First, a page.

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Academic Decline Could be a Sign of Hearing Loss | NEWS-Line for Occupational Therapists & COTAs
 


Academic Decline Could be a Sign of Hearing Loss


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As children across the U.S. prepare to get back to school, the American Academy of Audiology recommends that parents and teachers pay close attention to children’s hearing ability. Education is primarily delivered through auditory input and even a mild hearing loss can impact a child’s success in school. Children with untreated hearing loss use more cognitive energy to understand what is being said or may appear to not be paying attention because they are missing what was said. A drop in academic performance could be a sign of hearing loss. According to the National Institutes of Health’s National Institute on Deafness and Other Communication Disorders, about two to three out of every 1,000 children in the United States are born with a detectable level of hearing loss in one or both ears. The total number of children with some type of hearing loss is unknown and many cases may go undiagnosed.

While most infants’ hearing is tested within hours of birth, hearing loss can be progressive and start in early childhood. In addition, ear infections and exposure to loud sounds as well as various illness can cause hearing loss. The American Academy of Audiology recommends that any parents concerned with an otherwise unexplained decline in their children’s academic performance or any sign of hearing loss should take them to an audiologist to have their hearing tested.

“Because children often don’t realize they are missing information and may not communicate hearing difficulties, issues with auditory accessibility may go undetected,” cautioned Sarah Sydlowski, Au.D., Ph.D., MBA, president of the American Academy of Audiology. Sydlowski is also audiology director of the Hearing Implant Program and associate chief improvement officer at the Cleveland Clinic.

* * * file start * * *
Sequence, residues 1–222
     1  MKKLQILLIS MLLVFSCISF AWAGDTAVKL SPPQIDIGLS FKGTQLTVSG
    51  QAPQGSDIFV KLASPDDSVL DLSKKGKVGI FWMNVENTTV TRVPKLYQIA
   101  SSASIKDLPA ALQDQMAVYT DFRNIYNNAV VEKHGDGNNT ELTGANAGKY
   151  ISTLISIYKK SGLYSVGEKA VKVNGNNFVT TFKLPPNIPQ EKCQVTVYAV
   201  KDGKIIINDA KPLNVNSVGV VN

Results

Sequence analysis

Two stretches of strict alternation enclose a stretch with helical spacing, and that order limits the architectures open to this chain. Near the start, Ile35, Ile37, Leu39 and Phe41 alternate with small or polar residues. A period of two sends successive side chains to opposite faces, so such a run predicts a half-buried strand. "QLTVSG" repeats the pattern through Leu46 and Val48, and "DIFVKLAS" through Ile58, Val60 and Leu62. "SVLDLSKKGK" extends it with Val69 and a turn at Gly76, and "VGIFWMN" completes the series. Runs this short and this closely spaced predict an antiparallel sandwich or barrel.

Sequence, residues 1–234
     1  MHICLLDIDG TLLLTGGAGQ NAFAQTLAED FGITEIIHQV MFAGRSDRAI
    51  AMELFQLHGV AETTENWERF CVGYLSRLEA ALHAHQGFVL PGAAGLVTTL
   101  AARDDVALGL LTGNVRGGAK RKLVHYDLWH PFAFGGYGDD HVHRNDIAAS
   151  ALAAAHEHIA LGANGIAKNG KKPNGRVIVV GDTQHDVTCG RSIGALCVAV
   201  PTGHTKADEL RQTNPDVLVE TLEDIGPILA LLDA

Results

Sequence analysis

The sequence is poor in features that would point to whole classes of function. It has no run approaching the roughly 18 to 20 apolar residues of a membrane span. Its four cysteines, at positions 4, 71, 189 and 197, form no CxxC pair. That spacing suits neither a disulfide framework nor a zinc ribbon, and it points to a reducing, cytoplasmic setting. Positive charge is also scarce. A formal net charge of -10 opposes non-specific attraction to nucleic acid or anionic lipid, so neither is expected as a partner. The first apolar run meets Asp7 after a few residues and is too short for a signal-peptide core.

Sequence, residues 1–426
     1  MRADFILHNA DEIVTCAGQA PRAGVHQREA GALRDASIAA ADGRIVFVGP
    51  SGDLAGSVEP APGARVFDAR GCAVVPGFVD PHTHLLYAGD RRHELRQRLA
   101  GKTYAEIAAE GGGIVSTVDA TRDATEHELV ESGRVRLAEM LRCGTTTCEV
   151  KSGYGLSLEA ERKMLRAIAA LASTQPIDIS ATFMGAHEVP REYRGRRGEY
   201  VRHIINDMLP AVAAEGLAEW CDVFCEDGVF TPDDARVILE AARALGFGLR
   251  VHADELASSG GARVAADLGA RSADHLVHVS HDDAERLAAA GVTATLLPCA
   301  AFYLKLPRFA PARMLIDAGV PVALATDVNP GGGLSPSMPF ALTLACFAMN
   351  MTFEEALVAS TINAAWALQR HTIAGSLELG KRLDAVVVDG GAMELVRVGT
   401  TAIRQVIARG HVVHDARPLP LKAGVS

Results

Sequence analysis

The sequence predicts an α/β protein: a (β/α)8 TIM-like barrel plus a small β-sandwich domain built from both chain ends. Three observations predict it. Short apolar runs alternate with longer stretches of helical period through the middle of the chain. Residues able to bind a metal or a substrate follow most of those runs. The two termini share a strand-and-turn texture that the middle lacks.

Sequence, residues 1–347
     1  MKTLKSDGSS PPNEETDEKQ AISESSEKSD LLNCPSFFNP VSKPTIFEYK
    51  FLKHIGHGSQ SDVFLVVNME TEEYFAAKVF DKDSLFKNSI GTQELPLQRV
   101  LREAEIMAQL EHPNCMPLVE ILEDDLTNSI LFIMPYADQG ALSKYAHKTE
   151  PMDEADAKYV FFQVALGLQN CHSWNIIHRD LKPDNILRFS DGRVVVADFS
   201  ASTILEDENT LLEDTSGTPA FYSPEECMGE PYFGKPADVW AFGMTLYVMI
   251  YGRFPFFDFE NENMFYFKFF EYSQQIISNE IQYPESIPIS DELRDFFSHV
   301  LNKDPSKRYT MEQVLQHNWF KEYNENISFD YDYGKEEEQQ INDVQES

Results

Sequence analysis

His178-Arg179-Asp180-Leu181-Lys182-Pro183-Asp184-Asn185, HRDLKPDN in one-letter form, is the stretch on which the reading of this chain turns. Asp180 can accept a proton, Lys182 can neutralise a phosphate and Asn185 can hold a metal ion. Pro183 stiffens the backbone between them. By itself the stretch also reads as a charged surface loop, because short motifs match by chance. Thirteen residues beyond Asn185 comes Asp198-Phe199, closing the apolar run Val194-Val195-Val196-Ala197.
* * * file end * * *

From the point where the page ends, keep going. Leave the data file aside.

“A child with minimal hearing loss may be missing a significant amount of the classroom discussion,” added Sydlowski, “Unfortunately, we continue to see children identified as having a learning disability when they actually have untreated hearing loss. Hearing loss should always be ruled out when there are academic and speech and language issues. We want to treat the hearing loss first since untreated hearing loss can disrupt all aspects of educational success.”

Lack of hearing can lead to behavioral issues, lack of focus, even depression in children. Children with hearing loss often don’t recognize that they can’t hear and parents may not know the signs.

Here are some of the signs parents and teachers should look for:

Child has difficulty following through with assignments and often doesn’t seem to
understand the task.

Child often doesn’t understand questions and either does not respond or doesn’t respond appropriately.

Child’s speech is different from other children the same age. He/she may struggle to pronounce simple words or is unable to repeat a phrase. May have problems articulating or may have language delays.

Child often asks you to repeat things or watches your face intently trying to understand what you’re saying.

Child has difficulty hearing on the phone.

Child speaks loudly when not warranted.

Child has chronic ear pain.

Child often complains of noises he/she cannot identify.

Child cannot keep up academically.

Child appears exhausted at the end of the school day (more so than other children.)

Child may turn up the volume on the computer, headphones or television so that it is louder than normal.

Child appears to not be paying attention or ignoring people speaking to them.

Child favors one ear over the other when using the phone, when choosing a seat, or when responding to questions.

“Parents and teachers don’t always realize that a child’s behavior may be a sign of hearing loss,” Sydlowski explained. “If parents suspect an issue, they should have their child evaluated by an audiologist. Audiologists have the tools and training to identify hearing loss, degrees of hearing loss, and can recommend solutions for children of any age.”

The American Academy of Audiology provides a list of licensed audiologists on its website: www.audiology.org

The American Academy of Audiology is the world's largest professional organization of, by and for audiologists. Representing the interests of audiologists and future audiologists nationwide, the Academy is dedicated to providing quality hearing care services through professional development, education, research, and increased public awareness of hearing and balance disorders. For more information, visit www.audiology.org

Source: American Academy of Audiology






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